Rising rapper Young Cash stopped by Florida A&M University’s campus for a quick interview with The FAMUAN. He talked about current projects as well as his experience during homecoming week.
FAMUAN: What new music do you have that you are willing to share?
Young Cash: I have a new song that just hit the clubs and streets called, “I’m a Freak.” That’s getting hot, and I also have a mixtape about to come out this month hosted by DJ Khaled.
FAMUAN: How was your visit to FAMU?
Young Cash: I had a great time. Tallahassee is one of my second homes. I visit all the time, and it also has one of the best black colleges in the world – FAMU. The FAMU crowd showed us a lot of love and we appreciated that. The staff at the Yard Fest, and the homecoming concert for FAMU showed us great hospitality.
FAMUAN: What made you decide to come to FAMU’s homecoming?
Young Cash: I always come every year, but I was fortunate enough to perform at two of the events for homecoming. Either way, I would have been there. I love the festivities that take place during FAMU’s homecoming.
FAMUAN: What other artists are you interested in working with?
Young Cash: Prince, Andre 3000, Young Jeezy, and Cee-Lo Green.
FAMUAN: How did you get your rap name?
Young Cash: I always hung with the older guys in the hood because my brother was my street mentor and he was eight years older than me. So when I was in high school [at] 17 years old, my brother and his friends were in their mid 20’s, and they gave me that name because they knew I liked money. I was always trying to find a new way to get money.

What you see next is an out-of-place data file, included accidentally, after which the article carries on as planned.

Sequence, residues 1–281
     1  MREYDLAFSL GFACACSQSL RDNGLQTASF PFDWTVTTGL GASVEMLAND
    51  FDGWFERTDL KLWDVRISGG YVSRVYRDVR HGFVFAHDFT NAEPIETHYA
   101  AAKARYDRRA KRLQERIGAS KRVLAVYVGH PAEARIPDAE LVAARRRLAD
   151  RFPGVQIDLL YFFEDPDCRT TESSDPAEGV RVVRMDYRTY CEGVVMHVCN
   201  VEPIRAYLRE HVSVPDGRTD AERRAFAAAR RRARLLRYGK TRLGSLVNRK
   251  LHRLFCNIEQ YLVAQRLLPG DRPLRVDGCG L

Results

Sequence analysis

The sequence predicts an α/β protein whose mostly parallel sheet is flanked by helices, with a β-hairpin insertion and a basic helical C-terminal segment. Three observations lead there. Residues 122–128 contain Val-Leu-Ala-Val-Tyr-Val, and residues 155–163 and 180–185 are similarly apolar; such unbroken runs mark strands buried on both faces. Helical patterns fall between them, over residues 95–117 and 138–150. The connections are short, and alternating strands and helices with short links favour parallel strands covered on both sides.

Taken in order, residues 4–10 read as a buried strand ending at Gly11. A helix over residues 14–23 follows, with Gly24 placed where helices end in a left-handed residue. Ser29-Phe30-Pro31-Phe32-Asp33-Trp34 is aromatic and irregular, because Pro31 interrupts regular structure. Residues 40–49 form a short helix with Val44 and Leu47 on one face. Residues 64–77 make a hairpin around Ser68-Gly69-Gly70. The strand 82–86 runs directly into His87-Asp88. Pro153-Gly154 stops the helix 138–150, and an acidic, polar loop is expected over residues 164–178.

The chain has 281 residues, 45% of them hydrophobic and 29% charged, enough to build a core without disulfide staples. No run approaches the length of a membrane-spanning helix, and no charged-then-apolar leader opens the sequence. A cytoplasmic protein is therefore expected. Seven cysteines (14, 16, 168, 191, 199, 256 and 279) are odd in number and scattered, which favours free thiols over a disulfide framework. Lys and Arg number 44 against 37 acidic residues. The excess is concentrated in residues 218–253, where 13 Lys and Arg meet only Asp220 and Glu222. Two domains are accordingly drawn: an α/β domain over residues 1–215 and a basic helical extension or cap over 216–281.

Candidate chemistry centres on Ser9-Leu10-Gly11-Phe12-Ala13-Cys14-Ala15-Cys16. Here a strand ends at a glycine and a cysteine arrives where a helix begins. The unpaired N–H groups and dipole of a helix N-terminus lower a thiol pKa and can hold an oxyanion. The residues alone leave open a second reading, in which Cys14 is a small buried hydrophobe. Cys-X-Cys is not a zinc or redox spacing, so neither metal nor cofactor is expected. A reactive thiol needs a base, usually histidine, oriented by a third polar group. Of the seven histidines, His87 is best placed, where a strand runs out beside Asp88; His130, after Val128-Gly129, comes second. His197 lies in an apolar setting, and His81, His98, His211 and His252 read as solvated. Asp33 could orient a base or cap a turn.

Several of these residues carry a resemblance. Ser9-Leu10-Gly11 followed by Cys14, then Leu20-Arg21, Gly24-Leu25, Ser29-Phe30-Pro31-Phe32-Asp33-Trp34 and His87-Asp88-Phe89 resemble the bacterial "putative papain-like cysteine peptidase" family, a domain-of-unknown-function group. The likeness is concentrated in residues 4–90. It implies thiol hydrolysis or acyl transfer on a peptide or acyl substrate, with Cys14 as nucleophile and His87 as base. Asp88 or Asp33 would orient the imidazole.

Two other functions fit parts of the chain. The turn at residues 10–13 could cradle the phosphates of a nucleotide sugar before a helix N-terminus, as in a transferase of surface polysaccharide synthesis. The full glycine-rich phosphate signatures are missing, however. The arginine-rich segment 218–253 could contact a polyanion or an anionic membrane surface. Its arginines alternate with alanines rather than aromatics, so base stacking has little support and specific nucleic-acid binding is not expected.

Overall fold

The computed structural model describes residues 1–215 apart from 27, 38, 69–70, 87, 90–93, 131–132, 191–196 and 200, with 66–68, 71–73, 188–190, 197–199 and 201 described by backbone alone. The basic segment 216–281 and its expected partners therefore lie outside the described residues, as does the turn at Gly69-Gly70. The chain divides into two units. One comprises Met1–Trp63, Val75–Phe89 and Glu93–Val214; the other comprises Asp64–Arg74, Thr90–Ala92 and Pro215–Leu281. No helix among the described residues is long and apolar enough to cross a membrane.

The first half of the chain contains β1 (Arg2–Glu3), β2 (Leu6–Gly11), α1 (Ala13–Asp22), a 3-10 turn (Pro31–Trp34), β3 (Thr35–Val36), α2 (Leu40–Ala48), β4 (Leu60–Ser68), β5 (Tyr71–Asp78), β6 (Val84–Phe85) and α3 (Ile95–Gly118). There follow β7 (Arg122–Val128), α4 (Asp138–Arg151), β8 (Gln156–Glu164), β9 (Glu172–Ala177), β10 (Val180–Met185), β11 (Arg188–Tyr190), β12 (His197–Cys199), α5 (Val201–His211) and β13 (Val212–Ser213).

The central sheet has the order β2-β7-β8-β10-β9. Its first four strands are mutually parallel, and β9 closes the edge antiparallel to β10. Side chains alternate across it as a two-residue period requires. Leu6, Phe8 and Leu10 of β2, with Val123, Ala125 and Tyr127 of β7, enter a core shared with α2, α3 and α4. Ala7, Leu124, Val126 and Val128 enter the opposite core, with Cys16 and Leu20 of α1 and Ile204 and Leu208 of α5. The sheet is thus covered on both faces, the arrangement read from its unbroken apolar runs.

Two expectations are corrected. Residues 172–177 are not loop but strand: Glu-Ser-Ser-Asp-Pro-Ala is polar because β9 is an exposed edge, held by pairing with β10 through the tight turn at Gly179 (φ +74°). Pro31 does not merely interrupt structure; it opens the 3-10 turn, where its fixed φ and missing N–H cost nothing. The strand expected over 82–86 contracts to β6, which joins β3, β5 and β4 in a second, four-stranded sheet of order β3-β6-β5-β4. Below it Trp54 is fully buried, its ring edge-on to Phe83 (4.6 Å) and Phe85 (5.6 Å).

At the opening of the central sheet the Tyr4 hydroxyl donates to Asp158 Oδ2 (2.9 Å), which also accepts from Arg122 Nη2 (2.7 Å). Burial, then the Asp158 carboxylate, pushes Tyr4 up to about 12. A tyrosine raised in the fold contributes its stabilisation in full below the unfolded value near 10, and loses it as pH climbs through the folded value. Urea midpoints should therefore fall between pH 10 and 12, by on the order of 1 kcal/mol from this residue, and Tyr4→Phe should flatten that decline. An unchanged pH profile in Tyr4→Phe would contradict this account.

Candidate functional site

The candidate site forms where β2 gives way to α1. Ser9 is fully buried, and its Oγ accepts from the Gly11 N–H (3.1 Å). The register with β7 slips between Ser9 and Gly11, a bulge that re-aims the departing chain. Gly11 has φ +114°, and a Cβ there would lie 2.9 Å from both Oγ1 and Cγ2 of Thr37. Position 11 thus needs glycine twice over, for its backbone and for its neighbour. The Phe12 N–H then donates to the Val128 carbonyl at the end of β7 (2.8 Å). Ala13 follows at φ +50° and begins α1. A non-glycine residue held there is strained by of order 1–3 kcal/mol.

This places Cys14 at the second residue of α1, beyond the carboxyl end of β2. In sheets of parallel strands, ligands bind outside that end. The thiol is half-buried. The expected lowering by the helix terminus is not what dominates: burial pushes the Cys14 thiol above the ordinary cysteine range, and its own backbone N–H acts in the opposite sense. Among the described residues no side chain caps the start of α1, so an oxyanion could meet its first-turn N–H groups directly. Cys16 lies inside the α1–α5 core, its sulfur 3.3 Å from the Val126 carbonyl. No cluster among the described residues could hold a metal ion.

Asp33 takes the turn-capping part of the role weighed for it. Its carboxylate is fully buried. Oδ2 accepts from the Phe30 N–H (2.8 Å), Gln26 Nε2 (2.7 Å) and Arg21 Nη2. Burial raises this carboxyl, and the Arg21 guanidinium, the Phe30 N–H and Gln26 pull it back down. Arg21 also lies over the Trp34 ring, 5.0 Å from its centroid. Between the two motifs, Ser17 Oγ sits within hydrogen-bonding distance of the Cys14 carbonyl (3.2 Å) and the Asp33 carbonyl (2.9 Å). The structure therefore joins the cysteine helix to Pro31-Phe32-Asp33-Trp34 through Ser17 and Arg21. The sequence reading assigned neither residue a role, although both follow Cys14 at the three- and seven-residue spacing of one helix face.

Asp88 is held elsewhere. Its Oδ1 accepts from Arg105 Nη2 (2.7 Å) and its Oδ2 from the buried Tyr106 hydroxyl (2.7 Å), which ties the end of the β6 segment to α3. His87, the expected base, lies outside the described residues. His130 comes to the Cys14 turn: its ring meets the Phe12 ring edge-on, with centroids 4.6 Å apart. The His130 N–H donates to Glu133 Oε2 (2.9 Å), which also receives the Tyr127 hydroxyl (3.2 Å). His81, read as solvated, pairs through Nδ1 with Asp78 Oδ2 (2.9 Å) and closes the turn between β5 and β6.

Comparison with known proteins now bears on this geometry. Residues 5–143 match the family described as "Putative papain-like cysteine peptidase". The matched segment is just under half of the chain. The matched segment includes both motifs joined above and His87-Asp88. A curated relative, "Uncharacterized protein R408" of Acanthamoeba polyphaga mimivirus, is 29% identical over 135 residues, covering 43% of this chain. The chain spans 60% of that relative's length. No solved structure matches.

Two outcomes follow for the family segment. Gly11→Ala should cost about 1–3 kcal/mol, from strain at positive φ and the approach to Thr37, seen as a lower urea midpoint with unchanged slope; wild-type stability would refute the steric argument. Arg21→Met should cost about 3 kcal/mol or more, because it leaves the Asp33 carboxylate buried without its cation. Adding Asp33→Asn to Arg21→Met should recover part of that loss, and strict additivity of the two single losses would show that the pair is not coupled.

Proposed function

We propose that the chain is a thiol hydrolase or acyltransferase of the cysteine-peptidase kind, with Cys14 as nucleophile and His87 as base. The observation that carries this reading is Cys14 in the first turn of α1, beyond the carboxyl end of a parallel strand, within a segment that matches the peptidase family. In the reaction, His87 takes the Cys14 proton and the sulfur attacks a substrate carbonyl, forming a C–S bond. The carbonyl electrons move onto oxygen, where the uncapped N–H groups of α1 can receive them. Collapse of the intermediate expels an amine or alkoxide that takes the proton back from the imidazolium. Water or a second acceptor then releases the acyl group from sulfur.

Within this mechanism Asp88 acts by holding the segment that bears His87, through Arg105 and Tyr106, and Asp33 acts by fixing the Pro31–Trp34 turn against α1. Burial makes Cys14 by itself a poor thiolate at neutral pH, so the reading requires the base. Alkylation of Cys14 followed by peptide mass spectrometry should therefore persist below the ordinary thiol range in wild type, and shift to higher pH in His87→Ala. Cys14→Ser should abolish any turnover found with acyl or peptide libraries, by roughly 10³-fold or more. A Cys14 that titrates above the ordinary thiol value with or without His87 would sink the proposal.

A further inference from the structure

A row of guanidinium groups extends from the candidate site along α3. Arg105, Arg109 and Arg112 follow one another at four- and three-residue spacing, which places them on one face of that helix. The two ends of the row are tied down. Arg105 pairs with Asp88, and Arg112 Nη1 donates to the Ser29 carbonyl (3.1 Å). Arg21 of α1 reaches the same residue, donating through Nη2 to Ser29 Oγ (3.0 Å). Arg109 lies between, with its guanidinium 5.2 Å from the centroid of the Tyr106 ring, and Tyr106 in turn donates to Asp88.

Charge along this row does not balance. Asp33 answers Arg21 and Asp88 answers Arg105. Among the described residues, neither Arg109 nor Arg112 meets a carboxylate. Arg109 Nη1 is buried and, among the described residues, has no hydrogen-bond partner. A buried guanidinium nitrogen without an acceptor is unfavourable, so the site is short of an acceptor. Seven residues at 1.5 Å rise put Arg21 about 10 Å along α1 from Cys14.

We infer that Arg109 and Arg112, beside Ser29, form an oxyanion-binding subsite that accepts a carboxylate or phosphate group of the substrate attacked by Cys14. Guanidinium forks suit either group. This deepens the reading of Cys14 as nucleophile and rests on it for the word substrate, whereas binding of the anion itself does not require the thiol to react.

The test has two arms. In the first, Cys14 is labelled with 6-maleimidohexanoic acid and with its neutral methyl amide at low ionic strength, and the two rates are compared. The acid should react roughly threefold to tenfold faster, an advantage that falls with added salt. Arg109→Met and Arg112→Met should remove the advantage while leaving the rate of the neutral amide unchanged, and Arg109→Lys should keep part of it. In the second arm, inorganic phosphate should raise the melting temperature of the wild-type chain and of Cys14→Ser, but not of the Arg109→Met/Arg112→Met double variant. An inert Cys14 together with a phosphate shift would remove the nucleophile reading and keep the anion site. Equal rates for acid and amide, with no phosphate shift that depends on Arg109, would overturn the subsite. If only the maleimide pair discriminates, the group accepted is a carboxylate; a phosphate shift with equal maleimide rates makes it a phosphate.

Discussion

FAMUAN: How has your fame affected your life?
Young Cash: I’ve always been known in the streets because I always had a lot of street money, not to promote illegal money at all, but it is what it is and that’s a part of my past. I have put all that behind me, but there really is no difference. Being popular is something that’s always been in my life. It’s just on a bigger scale now, but I know how to handle it. I’m blessed to be in this situation.
FAMUAN: What do you think about the present state of hip-hop?
Young Cash: I think that it’s real good [and] I don’t have any complaints. The people who complain either don’t respect the South or they aren’t making any money. The music business is about money, but I would be doing music even if I weren’t getting paid to do it. So you have to have a love for hip-hop and music in general to understand it and embrace all the different kinds of hip-hop.
FAMUAN: Would you come back to FAMU for its homecoming next year?
Young Cash: You already know. I’m there every year – rain, sleet, or snow!